For nearly a half-century, Hayes Lake State Park in the far northern part of the state near Roseau has been a haven for hiking, fishing, and birdwatching.
And don’t be surprised if your visit to this 3,000-acre park in the Beltrami Island State Forest includes sightings of moose, otters, bobcats, timber wolves, or even black bears, along with the more common wildlife in the park like deer, foxes, and raccoons.
There is, of course, much more to learn about this sprawling gem of public land. Read on to find out more about how you can enjoy Hayes Lake State Park.
How to Get to Hayes Lake State Park
Hayes Lake State Park is located about as deep in northern Minnesota as you can go without crossing into Canada, but it is nonetheless readily accessible.
For instance, the park is just slightly more than 100 miles from Bemidji, making it an easy day trip along a straight set of US, state and county highways.
If you’re traveling to the park from Minneapolis-St. Paul, you’ll be taking a trip of about six hours, but with a number of Interstate or state highway options to make the drive as painless as possible.
One bit of warning, though: No matter what route you take to Hayes Lake State Park, you’ll be on an unpaved road for the last two miles as you traverse the northern side of the park a short distance above the lake.
When Is the Best Time to Visit Hayes Lake State Park?
If you could choose only one time of year to visit Hayes Lake State Park, going in the fall would be a great decision. Despite the fact that the park is so far north in Minnesota, the riot of colors as the leaves change with the season will be worth the trip.
But there are other charms to the park, no matter what time of year you choose to visit. The park is open year-round, so you’ll have plenty of time to experience it, and perhaps you’ll want to visit more than once.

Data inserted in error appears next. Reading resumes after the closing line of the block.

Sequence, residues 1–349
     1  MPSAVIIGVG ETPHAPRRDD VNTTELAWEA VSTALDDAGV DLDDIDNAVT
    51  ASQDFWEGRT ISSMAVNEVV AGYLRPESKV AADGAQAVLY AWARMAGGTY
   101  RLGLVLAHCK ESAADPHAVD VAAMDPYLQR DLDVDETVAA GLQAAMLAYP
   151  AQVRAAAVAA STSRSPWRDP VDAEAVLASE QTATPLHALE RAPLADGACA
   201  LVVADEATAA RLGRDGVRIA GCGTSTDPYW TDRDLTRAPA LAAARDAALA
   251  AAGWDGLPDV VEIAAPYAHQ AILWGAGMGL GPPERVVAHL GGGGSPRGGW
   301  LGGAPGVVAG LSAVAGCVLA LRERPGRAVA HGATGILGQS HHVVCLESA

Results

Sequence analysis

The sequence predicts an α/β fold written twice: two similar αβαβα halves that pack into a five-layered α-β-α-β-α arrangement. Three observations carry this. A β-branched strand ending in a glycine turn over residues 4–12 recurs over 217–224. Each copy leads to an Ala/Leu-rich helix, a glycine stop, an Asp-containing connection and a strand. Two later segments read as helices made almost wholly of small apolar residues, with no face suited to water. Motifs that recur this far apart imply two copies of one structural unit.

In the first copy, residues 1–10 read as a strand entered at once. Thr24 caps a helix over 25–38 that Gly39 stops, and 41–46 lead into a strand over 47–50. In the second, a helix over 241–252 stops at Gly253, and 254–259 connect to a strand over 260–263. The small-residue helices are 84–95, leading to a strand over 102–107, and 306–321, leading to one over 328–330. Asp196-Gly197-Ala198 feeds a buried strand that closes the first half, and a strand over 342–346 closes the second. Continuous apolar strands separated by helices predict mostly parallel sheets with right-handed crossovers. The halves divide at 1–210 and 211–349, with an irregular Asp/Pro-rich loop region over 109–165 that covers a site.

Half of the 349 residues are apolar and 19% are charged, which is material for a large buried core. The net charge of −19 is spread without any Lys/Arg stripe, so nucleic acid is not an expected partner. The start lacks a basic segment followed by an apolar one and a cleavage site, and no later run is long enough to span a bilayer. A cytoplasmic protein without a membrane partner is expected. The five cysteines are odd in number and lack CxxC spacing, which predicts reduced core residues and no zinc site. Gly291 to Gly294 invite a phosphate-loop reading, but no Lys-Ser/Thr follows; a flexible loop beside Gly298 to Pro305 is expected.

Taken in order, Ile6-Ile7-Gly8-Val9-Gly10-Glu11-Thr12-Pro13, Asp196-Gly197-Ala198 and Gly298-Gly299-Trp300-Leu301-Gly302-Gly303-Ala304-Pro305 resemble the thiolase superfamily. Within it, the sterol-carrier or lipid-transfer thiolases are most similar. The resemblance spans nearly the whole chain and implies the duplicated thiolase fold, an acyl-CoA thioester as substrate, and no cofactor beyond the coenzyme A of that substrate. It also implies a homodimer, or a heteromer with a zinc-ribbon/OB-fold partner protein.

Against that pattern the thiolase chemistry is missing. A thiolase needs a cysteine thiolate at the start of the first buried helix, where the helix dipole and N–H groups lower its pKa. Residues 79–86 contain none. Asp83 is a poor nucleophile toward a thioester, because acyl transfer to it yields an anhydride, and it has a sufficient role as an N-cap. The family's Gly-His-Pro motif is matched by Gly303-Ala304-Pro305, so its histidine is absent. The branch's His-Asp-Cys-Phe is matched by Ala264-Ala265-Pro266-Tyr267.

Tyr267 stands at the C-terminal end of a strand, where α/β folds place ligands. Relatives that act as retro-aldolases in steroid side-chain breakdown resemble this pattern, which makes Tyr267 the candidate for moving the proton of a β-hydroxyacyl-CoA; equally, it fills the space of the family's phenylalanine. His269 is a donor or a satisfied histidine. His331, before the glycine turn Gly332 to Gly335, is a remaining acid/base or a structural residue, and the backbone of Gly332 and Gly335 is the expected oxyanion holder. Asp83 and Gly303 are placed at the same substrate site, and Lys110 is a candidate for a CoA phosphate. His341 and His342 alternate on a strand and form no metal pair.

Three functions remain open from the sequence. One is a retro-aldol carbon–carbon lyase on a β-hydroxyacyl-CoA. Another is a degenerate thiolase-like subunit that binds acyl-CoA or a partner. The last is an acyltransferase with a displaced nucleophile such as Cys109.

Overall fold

In the summer, there are lots of different ways to enjoy Hayes Lake State Park, whether you’re interested in fishing, hiking, mountain biking or simply delighting in the natural world in which you’ll be immersed.
During winter, Hayes Lake State Park is a great place to do some cross-country skiing, snowshoeing, snowmobiling and ice fishing.
And throughout the year, the park is unparalleled as a place to do some serious birdwatching, as there are 200 different bird species that make a home on and around the lake.
Where to Stay at Hayes Lake State Park
Camping at Hayes Lake means taking advantage of an array of options available for spending some up-close time in the natural world.
For your convenience, camping spots at Hayes Lake State Park and other Minnesota state parks can be reserved online. Reservations can be made 24 hours a day, and as far in advance as 120 days prior to your arrival date.
There are 35 drive-in campsites at Hayes Lake State Park, all wooded and well-screened from neighboring campsites. Eighteen of the 35 sites are equipped with electrical hookups.
If you’re traveling in a recreational vehicle, or towing a camping trailer, you should know that there is a length restriction for campsites. Single vehicles, or vehicles towing trailers, can’t exceed 40 feet in length. In the case of trailers, length is measured from the front of the tow vehicle.
There are two camper cabins at Hayes Lake State Park. The cabin called Camp Three sleeps six people and the Timberline cabin, which is accessible to people with handicaps, sleeps five.